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particle size, PSD slope, Junge distribution, LISST, Bohai Sea, Yellow Sea

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Particle size distribution (PSD) is an important parameter that is relevant to many aspects of marine ecosystems, such as phytoplankton functional types, optical absorption and scattering from particulates, sediment fluxes, and carbon export. However, only a handful of studies have documented the PSD variability in different regions. Here, we investigate the PSD properties and variability in two shallow and semi-enclosed seas (the Bohai Sea (BS) and Yellow Sea (YS)), using in situ laser diffraction measurements (LISST-100X Type C) and other measurements at 79 stations in November 2013. The results show large variability in particle concentrations (in both volume and number concentrations), with volume concentrations varying by 57-fold. The median particle diameter (Dv50) from each of the water samples also covers a large range (22.4–307.0 μm) and has an irregular statistical distribution, indicating complexity in the PSD. The PSD slopes (2.7–4.5), estimated from a power-law model, cover nearly the entire range reported previously for natural waters. Small mineral particles (with large PSD slopes) are characteristic of near-shore waters prone to sediment resuspension by winds and tides, while large biological particles (with small PSD slopes) dominate the total suspended particulates for waters away from the coast. For the BS and YS, this study provides the first report on the properties and spatial variability of the PSD, which may influence the optical properties of the ocean surface and remote sensing algorithms that are based on estimations of particle concentrations and sizes.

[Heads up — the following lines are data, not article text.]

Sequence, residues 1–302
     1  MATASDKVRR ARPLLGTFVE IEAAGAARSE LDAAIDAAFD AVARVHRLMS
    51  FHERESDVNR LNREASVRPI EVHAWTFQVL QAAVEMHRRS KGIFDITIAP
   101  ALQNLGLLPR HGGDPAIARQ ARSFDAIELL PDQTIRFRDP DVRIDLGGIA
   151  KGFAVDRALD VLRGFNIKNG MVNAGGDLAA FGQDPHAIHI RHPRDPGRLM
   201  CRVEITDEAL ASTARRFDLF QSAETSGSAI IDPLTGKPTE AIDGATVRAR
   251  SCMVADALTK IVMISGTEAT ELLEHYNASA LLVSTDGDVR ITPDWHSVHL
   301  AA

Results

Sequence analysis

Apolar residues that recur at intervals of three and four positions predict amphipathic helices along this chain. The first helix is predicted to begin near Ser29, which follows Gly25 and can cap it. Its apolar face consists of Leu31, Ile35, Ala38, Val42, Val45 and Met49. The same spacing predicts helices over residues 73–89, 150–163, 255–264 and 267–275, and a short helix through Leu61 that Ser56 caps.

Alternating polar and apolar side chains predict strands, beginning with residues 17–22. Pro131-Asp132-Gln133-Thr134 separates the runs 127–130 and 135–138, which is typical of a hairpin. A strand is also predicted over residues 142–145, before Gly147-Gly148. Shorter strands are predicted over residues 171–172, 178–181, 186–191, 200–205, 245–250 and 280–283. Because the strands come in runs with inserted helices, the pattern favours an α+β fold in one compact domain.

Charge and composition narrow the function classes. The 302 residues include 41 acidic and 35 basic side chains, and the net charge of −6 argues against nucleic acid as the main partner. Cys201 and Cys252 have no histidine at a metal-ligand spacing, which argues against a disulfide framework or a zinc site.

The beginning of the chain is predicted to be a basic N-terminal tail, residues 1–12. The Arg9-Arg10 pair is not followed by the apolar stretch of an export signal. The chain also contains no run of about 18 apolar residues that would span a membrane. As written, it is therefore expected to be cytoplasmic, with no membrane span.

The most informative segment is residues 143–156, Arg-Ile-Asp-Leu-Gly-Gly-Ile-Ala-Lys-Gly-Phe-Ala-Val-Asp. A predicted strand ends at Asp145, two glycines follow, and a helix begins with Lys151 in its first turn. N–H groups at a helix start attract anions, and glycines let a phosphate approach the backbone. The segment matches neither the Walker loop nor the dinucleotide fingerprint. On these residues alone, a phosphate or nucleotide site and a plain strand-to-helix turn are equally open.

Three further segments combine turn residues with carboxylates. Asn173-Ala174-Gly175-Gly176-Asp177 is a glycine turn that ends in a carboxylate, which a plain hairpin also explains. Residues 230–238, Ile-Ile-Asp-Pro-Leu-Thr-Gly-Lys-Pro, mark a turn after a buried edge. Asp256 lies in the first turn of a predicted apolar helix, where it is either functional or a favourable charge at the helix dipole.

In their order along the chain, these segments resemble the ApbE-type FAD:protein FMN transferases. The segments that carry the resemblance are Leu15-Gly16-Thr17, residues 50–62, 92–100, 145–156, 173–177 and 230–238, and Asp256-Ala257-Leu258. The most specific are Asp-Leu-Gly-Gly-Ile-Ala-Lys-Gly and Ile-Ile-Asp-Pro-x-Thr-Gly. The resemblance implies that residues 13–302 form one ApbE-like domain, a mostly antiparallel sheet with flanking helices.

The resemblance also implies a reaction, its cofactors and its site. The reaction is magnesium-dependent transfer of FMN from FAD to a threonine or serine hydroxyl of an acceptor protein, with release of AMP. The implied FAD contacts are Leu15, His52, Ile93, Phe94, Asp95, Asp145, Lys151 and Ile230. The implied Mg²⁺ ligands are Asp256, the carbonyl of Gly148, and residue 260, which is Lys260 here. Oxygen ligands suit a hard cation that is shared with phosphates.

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Remote Sensing, v. 8, issue 11, art. 949